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We Need an "Urgency of Normal" for Nursing Homes
Elderly & children have suffered disproportionately during Covid
Happy Monday! It is a special privilege to introduce our good friend “GeroDoc” a lone voice in the Twitterverse advocating for a return to normal for long term care residents. We first “met” several months ago and bonded over our concern that the most vulnerable- the young and old- were being done a disservice by the very policies that purported to protect them. Masks, distancing, and myriad rules that forced isolation and restricted joy and community.
Things are finally improving, but not as quickly as we would like, and certainly for the elderly, time is increasingly precious. Here Gerodoc explains why we must make haste.
I have worked in long-term care (LTC) for around two decades. I have worked among and with nursing staff and residents, cared for older adults, worked with their families, gotten to know all of them as people. I not only care about keeping my older adult residents in good health, I care about them as *whole* *people,* I care about all of their needs.
Now that we're in the fourth year of the seemingly never-ending pandemic and "COVID emergency" I think it's high time we start an "Urgency of Normal" campaign for long-term care, very similarly to the one that was successfully mounted for U.S. schoolchildren many months back by tireless physician-scientist advocates like Tracy Beth Høeg, Scott Balsitis, and Lucy McBride.
I want to talk about why I feel that the plight of older adults and children in this pandemic has been similar, and why we must have the same "urgency" in bringing normality to the life of the over one million residents, according to 2019 data by Consumer Affairs, currently living in long-term care homes in the United States.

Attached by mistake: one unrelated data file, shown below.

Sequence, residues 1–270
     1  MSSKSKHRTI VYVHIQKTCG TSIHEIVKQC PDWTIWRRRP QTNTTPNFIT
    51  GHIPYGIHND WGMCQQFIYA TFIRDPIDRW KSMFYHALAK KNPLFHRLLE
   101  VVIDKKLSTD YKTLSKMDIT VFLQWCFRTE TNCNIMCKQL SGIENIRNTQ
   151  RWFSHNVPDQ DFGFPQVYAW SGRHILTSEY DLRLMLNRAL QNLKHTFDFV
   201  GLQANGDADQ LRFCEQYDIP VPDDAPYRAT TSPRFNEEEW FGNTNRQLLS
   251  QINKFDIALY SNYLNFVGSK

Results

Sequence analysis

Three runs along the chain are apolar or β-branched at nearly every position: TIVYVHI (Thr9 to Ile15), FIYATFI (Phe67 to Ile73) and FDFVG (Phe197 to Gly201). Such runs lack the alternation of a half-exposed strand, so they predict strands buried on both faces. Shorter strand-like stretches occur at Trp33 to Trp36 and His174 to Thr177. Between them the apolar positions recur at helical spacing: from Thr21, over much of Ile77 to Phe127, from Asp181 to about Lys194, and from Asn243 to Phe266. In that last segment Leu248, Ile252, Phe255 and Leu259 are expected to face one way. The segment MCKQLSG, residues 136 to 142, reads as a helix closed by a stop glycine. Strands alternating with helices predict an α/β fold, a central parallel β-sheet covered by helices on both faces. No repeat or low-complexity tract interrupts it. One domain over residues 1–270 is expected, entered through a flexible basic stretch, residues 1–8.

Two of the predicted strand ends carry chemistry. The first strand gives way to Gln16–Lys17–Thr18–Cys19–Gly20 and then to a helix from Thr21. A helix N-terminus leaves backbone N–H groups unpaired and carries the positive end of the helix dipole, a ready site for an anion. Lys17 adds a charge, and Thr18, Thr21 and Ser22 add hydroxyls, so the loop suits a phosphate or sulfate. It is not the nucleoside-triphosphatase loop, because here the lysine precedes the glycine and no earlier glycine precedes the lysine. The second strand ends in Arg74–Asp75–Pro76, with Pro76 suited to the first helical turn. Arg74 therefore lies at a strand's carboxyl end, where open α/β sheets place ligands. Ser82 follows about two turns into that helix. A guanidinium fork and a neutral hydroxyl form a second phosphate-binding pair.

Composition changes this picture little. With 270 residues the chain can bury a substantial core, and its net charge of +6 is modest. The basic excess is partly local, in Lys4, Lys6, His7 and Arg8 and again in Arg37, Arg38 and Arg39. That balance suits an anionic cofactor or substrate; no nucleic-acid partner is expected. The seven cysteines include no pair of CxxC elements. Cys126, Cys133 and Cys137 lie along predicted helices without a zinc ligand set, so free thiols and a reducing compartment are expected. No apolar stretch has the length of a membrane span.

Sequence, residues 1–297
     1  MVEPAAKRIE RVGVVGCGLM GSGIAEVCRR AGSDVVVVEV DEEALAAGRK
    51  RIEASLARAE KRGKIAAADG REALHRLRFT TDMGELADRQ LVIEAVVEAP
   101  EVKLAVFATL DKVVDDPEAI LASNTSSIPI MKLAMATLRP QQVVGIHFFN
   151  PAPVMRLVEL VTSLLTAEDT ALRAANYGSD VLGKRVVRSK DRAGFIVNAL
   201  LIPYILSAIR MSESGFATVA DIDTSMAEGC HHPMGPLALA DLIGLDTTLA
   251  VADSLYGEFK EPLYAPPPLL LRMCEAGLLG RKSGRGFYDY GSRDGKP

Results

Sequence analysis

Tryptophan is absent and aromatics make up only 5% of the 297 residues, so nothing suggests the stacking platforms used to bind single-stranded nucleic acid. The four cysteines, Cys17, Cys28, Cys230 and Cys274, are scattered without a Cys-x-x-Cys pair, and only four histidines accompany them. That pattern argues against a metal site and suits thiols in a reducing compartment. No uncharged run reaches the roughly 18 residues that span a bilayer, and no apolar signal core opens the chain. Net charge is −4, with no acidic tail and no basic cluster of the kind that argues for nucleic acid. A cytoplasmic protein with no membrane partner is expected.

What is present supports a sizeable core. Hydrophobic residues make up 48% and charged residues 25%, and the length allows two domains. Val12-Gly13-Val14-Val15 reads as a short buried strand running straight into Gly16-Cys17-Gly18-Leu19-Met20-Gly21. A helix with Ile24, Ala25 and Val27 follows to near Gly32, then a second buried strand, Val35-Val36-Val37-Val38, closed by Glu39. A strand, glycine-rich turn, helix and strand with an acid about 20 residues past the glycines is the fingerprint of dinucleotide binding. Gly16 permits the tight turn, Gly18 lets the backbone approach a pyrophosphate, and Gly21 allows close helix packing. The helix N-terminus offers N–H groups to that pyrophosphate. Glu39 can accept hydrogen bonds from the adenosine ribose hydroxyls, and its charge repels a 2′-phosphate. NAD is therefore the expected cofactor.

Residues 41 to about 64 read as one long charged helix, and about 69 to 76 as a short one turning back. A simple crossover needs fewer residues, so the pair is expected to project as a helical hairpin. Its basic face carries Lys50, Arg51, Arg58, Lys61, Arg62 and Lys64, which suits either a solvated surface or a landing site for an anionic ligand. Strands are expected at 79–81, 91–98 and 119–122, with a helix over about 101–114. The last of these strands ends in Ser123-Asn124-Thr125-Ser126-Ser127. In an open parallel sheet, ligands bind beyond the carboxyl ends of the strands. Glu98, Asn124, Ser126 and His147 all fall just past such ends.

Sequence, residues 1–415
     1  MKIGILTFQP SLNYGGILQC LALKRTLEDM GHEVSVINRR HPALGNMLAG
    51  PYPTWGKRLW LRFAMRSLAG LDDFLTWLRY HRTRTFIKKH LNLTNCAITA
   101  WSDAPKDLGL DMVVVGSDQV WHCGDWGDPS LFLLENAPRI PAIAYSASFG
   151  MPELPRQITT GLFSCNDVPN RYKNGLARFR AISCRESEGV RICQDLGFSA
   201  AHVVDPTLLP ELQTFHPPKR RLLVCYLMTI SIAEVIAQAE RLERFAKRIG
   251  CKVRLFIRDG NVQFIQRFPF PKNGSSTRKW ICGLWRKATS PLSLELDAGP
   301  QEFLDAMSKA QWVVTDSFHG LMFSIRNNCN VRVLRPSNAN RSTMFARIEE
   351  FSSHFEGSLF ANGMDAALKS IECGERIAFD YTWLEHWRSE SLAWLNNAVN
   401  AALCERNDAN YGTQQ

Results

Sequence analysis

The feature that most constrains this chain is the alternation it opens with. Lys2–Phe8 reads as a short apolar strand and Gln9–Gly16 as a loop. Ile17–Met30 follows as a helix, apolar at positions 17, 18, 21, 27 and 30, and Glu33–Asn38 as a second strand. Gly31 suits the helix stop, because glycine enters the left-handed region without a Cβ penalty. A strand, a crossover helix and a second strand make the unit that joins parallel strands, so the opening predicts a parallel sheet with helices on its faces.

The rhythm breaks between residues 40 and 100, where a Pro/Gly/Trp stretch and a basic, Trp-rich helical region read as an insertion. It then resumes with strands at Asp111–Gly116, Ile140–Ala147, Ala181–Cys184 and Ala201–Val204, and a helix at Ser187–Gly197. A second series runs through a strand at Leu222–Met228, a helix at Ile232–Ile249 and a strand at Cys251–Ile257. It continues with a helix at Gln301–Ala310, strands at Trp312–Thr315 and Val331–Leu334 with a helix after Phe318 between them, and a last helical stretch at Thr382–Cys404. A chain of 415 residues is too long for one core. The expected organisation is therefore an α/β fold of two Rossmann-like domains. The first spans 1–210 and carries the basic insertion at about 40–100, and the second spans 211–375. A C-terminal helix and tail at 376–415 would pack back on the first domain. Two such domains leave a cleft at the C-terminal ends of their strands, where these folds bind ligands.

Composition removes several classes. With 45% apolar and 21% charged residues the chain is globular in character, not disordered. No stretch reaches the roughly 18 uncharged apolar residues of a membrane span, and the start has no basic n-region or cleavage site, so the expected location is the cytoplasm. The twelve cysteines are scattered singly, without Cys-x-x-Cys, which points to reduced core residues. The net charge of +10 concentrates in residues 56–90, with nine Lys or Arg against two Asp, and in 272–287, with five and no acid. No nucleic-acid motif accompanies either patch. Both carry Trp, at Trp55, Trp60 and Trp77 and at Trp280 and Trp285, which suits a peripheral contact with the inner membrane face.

Twin Burdens of Schoolkids and Nursing Home Residents
Both nursing home residents and schoolchildren have suffered disproportionately during the COVID pandemic:
Schools in many localities / states were closed for months, many for over a year or more. Children were forced to do "Zoom school," which in the end turned out to be a shockingly poor substitute for the real thing, and for preschoolers and kindergarteners bordered on abject cruelty. At this point, the consensus seems to be that schools never should have closed for even close to as long as they did (perhaps only during severe outbreaks).
Older adults in nursing homes found their homes closed to visitors, including family, and in many cases to outside specialist provider visits for months, many for over a year.
Nursing home patients were forced to contend with cruel substitutes for in-person contact featuring prison-like window visits and absurdities like bedridden, cognitively-impaired octogenarians seeing consulting psychologists via Zoom on tablets, or over telephones held to their ears. This kind of treatment was a cruel joke on the elderly — and for the consultants who were forced to care for residents it was a grave source of moral injury.
“It’s just a mask.”